For a certain adventurous type, a simple race--running, sailing, biking or swimming -- just won't suffice.
These people want to do more than test their speed and skill; they want to confront mortality and are only satisfied when there is an element of danger to a competition. Whether it's motorcycles, sports cars, boats, animals or just feet, they are flocking to the most challenging and dangerous races around the globe.
Few official industry statistics are kept that chronicle all injuries and deaths in all races, but plenty of stories provide a sense of which carry high danger rates.
Over a thousand trucks, motorcycle and dune buggy racers are expected to compete this November in the Baja 1000, a hazardous 1,000-mile trek across the rugged terrain of Mexico and Southern California, complete with blind turns and a history of spectators sabotaging the course.
But for pure casualties, even the Baja can't match the Isle of Man Tourist Trophy, a series of high-speed motorcycle races on the small British island that has claimed about 180 lives since its inception in 1907, or about two per year. Meanwhile, the Dakar Rally, a car, truck and motorcycle race that covers 700 miles from Portugal to Senegal, has resulted in 45 casualties in the past 27 years.
Jerry Kunzman, executive director of the National Autosport Association, says that auto racing is safer than it was, particularly since the 2001 death of racing legend Dale Earnhardt resulted in more cars being fitted with improved head and neck restraints. But the sport still takes about three lives per year.
"Oval [track] racing has big groups of cars together, so a mistake by one driver could mean 20 getting into an accident," Kunzman says. He adds that open road racing, while more spread out, has more configurations and angles that could cause a crash and typically carries a higher risk of rollovers.
The Indianapolis 500 has produced 41 deaths since 1909, according to the race's Web site, while the NASCAR circuit has suffered ten fatalities since 1989, though none have occurred since Earnhardt's death.
Competitive thrill seekers aren't all 20-something Mountain Dew-chugging climbers, jumpers and extreme skateboarders. The top four finishers in the last Iditarod, the renowned 1,150-mile dog-sled race across Alaska, were all over 50 years old.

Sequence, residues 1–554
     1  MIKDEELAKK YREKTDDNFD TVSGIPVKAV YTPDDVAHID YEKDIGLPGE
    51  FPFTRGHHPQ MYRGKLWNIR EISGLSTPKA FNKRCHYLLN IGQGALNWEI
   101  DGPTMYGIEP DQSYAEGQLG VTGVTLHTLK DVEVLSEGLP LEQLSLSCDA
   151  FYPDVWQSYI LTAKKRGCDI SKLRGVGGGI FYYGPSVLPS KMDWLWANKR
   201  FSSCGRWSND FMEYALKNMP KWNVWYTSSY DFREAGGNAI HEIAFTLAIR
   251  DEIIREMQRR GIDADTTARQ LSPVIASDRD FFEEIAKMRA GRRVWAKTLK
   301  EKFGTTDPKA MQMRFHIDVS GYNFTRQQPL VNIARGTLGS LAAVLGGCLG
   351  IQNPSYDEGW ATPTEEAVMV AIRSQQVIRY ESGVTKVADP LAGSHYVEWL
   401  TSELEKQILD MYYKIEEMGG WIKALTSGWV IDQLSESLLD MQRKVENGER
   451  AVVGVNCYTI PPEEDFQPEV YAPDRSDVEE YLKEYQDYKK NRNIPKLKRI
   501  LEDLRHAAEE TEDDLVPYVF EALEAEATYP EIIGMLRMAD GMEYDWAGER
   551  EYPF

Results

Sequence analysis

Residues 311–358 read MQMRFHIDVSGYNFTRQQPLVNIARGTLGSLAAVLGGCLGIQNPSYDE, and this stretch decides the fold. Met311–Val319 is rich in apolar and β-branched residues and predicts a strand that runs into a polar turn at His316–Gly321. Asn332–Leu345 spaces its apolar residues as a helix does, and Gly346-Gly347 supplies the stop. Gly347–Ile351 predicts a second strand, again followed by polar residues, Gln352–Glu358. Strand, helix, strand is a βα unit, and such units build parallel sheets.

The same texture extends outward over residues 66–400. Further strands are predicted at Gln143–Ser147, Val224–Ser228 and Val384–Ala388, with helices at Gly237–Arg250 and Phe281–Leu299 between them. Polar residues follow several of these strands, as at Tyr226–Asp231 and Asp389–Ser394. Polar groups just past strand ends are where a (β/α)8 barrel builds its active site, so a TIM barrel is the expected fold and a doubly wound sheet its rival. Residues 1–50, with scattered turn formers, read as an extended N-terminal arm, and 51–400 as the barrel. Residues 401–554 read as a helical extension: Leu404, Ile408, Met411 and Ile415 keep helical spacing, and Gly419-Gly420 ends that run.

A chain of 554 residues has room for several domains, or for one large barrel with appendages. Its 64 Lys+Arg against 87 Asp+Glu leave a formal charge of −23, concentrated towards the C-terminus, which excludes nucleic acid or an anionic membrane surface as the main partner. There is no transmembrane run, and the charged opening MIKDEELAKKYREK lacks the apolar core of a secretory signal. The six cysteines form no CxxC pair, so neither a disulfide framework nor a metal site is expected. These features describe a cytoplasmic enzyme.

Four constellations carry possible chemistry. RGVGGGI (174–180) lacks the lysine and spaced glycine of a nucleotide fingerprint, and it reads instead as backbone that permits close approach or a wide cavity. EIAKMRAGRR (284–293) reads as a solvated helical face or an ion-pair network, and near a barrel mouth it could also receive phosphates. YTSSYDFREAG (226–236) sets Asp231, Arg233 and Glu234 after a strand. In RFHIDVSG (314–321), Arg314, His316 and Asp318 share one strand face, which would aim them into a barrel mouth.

What makes them take on such risky endeavors? Dr. Samuel Putnam, an assistant professor of psychology at Bowdoin College in Maine, says thrill seeking behavior is mostly genetic, and that signs of it--from climbing the highest tree to swinging as high as possible on a swing set--can be recognized from very early ages.
"There is a gene that seems to be associated with adventure-seeking behavior," says Putnam.
Some risk takers not enamored with motor sports take their adventure from the sea. In 2001, Gail Browning, a marine surveyor in Annapolis, Md., and a veteran sailor, became the first American in 20 years to compete in the Mini Transat, a treacherous 40-day boat race from France to Brazil. Tricky and ever-changing conditions keep the course fraught with danger, and during the 5,000-mile competition, an Italian racer on a competing boat fell overboard and was lost at sea.
"I started with plenty of wind, but at one point it died down and I drifted for 300 miles," says Browning, who also endured a big storm during the Mini Transat's 1,000-mile qualifying race.
"The most frightening thing is wondering what you'll do if it gets worse," she says.
For sailors even more intrepid, there's the around-the-world Global Challenge, a U.K.-based trek that covers 29,000 miles and touches five continents. The race, launched in 1992 by sailor Sir Chay Blyth, attracts more first-time sailors looking for adventure than it does veteran seafarers.
"It's people who ask themselves, 'Have I really done what I've wanted in my life?' " Blyth says. Over 200 racers who paid the $50,000 entry fee will kick off the 2008 Challenge, enduring a course that's purposely designed for maximum difficulty. It forces competitors to sail west, against the wind and currents.
Blyth, the first ever to sail around the world westward in 1971, said no one has died in the event's four races so far, though "there are plenty of fatalities in yacht racing."